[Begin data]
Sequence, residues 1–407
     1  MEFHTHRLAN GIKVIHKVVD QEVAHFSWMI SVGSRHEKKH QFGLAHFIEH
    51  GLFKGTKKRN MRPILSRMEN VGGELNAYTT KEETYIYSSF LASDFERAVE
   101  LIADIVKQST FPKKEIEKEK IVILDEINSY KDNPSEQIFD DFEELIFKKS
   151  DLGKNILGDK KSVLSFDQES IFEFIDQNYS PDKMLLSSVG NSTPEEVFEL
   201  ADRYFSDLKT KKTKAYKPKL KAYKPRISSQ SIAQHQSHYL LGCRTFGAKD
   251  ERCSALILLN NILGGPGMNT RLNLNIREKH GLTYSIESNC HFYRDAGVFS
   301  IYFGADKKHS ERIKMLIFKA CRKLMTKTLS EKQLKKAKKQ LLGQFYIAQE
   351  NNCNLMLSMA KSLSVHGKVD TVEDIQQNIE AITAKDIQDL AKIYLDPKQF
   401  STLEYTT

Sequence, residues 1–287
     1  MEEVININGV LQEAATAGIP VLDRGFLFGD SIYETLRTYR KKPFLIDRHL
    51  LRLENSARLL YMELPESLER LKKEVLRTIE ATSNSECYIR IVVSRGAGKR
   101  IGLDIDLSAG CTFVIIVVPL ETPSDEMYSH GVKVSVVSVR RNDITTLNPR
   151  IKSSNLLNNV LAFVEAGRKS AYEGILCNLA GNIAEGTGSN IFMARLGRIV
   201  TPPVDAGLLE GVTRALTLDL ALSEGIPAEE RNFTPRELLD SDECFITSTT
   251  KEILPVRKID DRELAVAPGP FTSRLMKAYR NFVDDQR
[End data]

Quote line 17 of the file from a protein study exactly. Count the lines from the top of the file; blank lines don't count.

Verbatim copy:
   251  KEILPVRKID DRELAVAPGP FTSRLMKAYR NFVDDQR